We took on the Wondroid challenge and went on a scavenger hunt in London

On 12th October 2016, all eyes will turn to Wonderlab: The Statoil Gallery opening at the Science Museum in London. To celebrate its launch, families in London are invited to embark on an exciting geo-location scavenger hunt, where they will be in with a chance of winning an exclusive private view of Wonderlab. The new gallery is designed to ignite interest in Science, Technology, Engineering and Maths (STEM) while enjoying a fun day out. With more than 50 spectacular cutting edge exhibits, such as a giant interactive orrery, live shows and immersive experiences, Wonderlab is set to wow the whole family.

Wondroid is a delightful robot that was designed by the engineers at the energy provider, Statoil. Unfortunately Wondroid has lost some parts of his body and the challenge is by using the app, traces, you will help restore the robot by finding the clues.

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As a family we love a challenge, anything that gets us out and about and especially one that involves us using our brains (or google sometimes).

We downloaded the app prior to leaving our home and made sure that our phone was fully charged ready for our day of creating, discovering and catching memories.

Once we downloaded the app we was guided through page by page.

It was simple and easy to follow.

The first clue is given to you on the wondroid website the second two are on the traces app.

If you work/Live in London you may know many of the historical/landmarks to visit. We thought we would be fine, but in fact we had to use the hint link on all 3.  We kind of knew who the clue was about but had no idea in which part of London where to find them.

We found the first one pretty quickly and was hoping that the second one wouldn’t need much travelling to. Once you know that you are in the right location you need to turn on your traces app and by holding your phone up and scanning around you will be able to catch the trace. It works similar to taking a photograph, once the trace is within the circle you simply press catch.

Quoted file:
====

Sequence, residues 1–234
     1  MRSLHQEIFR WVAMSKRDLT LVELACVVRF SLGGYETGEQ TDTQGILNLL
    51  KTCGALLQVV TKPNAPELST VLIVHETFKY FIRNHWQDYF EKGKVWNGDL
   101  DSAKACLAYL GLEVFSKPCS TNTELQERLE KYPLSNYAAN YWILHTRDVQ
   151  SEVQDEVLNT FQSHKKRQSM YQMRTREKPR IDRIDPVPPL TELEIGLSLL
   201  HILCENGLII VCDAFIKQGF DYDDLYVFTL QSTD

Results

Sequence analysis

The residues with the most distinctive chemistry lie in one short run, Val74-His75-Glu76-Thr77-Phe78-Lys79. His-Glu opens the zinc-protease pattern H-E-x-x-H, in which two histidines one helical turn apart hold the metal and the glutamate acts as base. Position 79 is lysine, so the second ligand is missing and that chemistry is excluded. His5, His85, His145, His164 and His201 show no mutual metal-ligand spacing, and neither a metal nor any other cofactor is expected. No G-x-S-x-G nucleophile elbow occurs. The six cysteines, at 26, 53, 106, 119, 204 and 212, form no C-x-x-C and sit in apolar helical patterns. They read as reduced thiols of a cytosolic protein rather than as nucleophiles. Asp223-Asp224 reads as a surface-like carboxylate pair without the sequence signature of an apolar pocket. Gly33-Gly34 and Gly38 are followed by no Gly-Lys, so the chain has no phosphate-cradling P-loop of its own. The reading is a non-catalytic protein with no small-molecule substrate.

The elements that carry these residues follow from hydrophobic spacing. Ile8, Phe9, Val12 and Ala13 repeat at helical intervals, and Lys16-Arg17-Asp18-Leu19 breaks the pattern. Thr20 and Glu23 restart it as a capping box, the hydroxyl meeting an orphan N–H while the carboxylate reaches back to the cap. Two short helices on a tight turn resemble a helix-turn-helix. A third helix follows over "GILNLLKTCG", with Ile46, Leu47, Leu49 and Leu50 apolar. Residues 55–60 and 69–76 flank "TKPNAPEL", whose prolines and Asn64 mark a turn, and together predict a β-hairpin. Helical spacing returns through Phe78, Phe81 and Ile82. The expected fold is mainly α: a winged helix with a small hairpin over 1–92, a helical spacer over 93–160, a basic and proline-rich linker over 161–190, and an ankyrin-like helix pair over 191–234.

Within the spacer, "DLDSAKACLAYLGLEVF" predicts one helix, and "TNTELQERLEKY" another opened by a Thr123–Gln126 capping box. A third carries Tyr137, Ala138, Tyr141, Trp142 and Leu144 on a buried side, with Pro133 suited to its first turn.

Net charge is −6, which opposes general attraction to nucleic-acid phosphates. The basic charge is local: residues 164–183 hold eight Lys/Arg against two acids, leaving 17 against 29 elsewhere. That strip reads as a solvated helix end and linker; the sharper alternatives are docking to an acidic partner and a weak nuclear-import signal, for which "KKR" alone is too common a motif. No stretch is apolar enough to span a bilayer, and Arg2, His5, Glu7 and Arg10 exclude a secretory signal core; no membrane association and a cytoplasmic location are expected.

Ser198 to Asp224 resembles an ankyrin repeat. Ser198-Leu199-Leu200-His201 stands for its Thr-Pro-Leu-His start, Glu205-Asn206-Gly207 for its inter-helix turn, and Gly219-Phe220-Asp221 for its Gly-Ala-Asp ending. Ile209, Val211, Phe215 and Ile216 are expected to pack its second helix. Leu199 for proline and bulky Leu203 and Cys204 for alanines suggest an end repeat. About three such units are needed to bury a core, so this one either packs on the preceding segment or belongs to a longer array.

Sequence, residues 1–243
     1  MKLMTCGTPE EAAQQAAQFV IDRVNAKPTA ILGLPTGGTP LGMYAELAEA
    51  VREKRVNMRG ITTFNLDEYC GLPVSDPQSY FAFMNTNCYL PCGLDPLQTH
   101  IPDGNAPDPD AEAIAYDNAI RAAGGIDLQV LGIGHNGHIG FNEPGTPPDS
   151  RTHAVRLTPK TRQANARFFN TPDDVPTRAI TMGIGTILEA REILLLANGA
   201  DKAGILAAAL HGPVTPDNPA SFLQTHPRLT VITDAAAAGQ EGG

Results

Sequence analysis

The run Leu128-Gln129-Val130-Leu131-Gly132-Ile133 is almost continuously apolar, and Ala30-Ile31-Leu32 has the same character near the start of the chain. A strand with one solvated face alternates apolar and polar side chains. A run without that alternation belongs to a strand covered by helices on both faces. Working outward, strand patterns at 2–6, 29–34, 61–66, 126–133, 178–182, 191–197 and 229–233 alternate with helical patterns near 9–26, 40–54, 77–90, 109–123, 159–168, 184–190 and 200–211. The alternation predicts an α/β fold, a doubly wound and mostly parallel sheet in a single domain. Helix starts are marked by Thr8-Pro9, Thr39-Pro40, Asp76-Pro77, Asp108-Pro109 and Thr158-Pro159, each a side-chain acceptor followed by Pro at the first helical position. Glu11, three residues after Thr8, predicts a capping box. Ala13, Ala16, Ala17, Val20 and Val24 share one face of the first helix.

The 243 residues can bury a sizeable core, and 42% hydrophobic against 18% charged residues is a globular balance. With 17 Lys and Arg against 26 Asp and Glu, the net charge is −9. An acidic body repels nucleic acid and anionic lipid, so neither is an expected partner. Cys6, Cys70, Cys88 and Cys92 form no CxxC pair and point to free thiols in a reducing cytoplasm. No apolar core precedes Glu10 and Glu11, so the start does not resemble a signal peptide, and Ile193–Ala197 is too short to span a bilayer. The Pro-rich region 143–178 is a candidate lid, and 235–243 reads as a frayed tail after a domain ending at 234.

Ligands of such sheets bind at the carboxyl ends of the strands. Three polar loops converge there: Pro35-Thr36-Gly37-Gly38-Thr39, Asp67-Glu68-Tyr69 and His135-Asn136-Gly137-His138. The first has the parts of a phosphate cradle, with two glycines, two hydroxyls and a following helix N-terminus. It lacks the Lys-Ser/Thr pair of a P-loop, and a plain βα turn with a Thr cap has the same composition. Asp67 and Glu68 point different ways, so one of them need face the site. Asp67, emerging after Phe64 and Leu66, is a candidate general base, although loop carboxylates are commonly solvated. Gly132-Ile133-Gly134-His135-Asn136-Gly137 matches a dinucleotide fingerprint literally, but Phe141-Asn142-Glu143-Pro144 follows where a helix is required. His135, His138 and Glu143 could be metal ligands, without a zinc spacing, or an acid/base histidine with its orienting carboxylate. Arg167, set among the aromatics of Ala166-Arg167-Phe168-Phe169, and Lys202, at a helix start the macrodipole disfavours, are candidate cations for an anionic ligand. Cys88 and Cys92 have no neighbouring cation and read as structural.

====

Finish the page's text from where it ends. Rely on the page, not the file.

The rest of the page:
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After a little pose in front of a statue we was ready to move on to our next location.

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Once we worked out the answer to the second clue we made our way by train to get there. It was only a short journey away.

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Each time you catch a trace you are rewarded with wondroid being given a part of his body back

The children really enjoyed their little adventure through the streets of London, visiting places that we wouldn’t normally go to. Going on the Scavenger hunt searching for Wondroid body parts helped them learn navigation skills and they even learned how to map read, navigating us from one place to another.

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We found ourselves googling more information on the historical icons. Not only did we have fun but the day was positivity educational.

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We worked together to solve the clues and it was the ideal opportunity to explore London and the science themed landmarks that we wouldn’t have normally known of.  The app was simple to download and easy to follow.

Everyone who helps put Wondroid back together again are entered into a prize draw to win tickets to the Science Museum wonderlab which opens in october.

The whole geo scavenger hunt took us about 1 1/2 hours in total. Clues 2 & 3 are pretty close by, within walking distance. The furthest distance to travel was between clue 1 & 2, you could walk it was easier to travel by tube.

For more information on the Statoil Wondroid read my post here

Post in partnership with Statoil Womderlab

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Wonderlab Gallery Scavenger Hunt in London Competition

Can you take on the Statoil Wondroid Challenge?

A One-off competition invites children in London to build a robot on a virtual scavenger hunt, and discover the world of science this summer

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On 12th October 2016, all eyes will turn to Wonderlab: The Statoil Gallery opening at the Science Museum in London. To celebrate its launch, families in London are invited to embark on an exciting geo-location scavenger hunt, where they will be in with a chance of winning an exclusive private view of Wonderlab. The new gallery is designed to ignite interest in Science, Technology, Engineering and Maths (STEM) while enjoying a fun day out. With more than 50 spectacular cutting edge exhibits, such as a giant interactive orrery, live shows and immersive experiences, Wonderlab is set to wow the whole family.